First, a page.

Cynthia Ortinau, MD
Assistant Professor, WashU Pediatrics
- Phone: 314-273-6002
- Email: firstname.lastname@example.org
Neurological and neurodevelopmental consequences of congenital heart disease (CHD)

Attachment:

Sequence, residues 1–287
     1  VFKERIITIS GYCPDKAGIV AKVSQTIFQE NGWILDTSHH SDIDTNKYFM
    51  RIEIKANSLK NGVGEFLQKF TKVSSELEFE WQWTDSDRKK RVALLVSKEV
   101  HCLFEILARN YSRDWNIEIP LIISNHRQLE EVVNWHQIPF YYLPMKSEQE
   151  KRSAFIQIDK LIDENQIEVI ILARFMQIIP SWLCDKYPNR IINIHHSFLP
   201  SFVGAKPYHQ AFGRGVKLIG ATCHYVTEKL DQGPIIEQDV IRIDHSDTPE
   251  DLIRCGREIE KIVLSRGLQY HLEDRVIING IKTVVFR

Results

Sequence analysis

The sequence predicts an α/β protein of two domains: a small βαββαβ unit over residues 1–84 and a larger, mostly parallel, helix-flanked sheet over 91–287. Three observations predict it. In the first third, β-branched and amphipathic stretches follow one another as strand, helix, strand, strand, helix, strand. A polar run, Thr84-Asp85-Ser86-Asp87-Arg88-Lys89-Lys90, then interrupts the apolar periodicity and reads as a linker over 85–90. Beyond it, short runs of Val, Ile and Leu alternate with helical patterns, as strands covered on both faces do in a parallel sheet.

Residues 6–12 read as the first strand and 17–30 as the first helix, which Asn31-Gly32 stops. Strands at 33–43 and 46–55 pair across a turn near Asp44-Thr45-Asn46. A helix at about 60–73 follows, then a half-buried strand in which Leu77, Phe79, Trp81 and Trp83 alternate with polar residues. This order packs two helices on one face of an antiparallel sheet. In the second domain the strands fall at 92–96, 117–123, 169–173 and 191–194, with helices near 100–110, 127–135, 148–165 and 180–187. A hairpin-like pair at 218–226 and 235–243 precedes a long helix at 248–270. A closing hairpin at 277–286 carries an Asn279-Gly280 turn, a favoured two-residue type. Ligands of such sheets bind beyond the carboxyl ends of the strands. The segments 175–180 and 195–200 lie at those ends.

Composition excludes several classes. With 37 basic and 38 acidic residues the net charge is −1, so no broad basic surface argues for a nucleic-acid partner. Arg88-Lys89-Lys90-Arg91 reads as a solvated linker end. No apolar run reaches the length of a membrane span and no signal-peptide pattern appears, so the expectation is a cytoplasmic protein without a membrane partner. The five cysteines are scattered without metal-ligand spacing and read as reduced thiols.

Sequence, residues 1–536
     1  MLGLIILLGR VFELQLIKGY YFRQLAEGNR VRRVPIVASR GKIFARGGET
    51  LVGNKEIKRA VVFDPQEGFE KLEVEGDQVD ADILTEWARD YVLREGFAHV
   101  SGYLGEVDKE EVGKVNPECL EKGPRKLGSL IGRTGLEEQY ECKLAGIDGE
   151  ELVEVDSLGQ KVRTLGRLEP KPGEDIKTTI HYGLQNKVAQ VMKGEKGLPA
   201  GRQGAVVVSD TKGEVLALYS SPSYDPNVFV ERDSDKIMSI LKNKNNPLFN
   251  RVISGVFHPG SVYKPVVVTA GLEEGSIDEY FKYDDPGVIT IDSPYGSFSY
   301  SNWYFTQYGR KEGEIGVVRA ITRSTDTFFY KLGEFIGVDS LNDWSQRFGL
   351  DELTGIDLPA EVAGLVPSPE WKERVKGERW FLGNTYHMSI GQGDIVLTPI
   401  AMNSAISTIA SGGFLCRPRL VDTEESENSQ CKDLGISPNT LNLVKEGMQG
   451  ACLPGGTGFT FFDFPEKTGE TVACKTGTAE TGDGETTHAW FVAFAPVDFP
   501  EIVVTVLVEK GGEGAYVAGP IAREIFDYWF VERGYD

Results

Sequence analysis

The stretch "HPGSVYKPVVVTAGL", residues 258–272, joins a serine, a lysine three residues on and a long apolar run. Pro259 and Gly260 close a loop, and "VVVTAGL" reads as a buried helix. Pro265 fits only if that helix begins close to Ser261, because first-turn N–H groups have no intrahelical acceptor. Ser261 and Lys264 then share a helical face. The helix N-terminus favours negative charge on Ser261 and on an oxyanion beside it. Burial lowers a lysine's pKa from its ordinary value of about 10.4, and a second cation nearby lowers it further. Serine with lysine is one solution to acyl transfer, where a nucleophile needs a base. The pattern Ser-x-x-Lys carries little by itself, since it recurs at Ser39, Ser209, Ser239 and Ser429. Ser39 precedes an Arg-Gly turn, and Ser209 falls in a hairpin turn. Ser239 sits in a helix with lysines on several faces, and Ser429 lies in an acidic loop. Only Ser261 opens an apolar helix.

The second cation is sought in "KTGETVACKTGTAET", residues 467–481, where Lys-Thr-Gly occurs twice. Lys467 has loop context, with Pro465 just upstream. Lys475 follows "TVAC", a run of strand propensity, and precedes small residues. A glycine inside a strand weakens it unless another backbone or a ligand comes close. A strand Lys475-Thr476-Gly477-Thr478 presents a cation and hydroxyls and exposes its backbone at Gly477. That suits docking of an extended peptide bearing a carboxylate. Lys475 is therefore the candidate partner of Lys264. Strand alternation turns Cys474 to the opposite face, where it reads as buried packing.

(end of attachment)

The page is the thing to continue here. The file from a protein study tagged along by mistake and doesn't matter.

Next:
My research program studies the neurological and neurodevelopmental consequences of congenital heart disease (CHD). Advances in surgical and medical care for CHD have improved survival for these children, which has shifted research and clinical focus to the long-term morbidities they face. The most common adverse outcome is neurodevelopmental impairment, and underlying alterations in brain development have been identified as an important contributor. The overarching goal of my research program is to define the nature and timing of altered brain development in children with CHD using advanced magnetic resonance imaging (MRI) methods, determine the underlying mechanisms of these alterations, and ultimately design neuroprotective strategies for improving outcomes. Our early work, in collaboration with investigators from New Zealand, identified that CHD infants have reductions in brain size, altered cerebral white matter microstructure, and abnormal cerebral cortical development before cardiac surgery, typically in the first week of life. The identification of early neonatal, preoperative abnormalities led my team to focus on the in utero environment as a primary period of vulnerability. We applied novel fetal MRI methods to CHD and healthy fetuses and performed serial imaging after birth. We identified a slower rate of total brain growth from the prenatal to postnatal environment in the CHD population, with the cerebral cortex, subcortical gray matter structures, and cerebellum displaying the greatest deficits. With co-investigators at Boston Children’s Hospital, we have also discovered differences in left hemisphere sulcation patterns before 30 weeks gestation that involve the Sylvian Fissure and early emerging sulci. Together, our findings suggest that abnormalities in brain development begin early in pregnancy, affect multiple tissues and regions of the brain, and result in an altered trajectory of brain development during infancy. Our current work takes a multidisciplinary collaborative approach to extend these findings to the timing and trajectory of structure- and region-specific vulnerability of the developing brain by applying volumetric and surface-based methods to serial fetal MRI. We have also begun to study two primary pathways by which prenatal brain development may be disrupted, fetal CHD-related hypoxia and genetic variants affecting both heart and brain development. We are using novel fetal MRI methods to measure placental and cerebral oxygenation, alongside fetal brain development measures, and collecting trio blood samples after infant birth for whole exome sequencing. Finally, we are also investigating the association of fetal and infant brain imaging with neurodevelopmental outcomes in early-mid childhood. Our hope is that these collaborative clinical investigations will inform future preclinical and clinical studies that target specific mechanistic pathways for neuroprotection. This is directly in line with the Hope Center’s mission to discover fundamental mechanisms that will translate to new understanding and cures for people living with neurological disorders.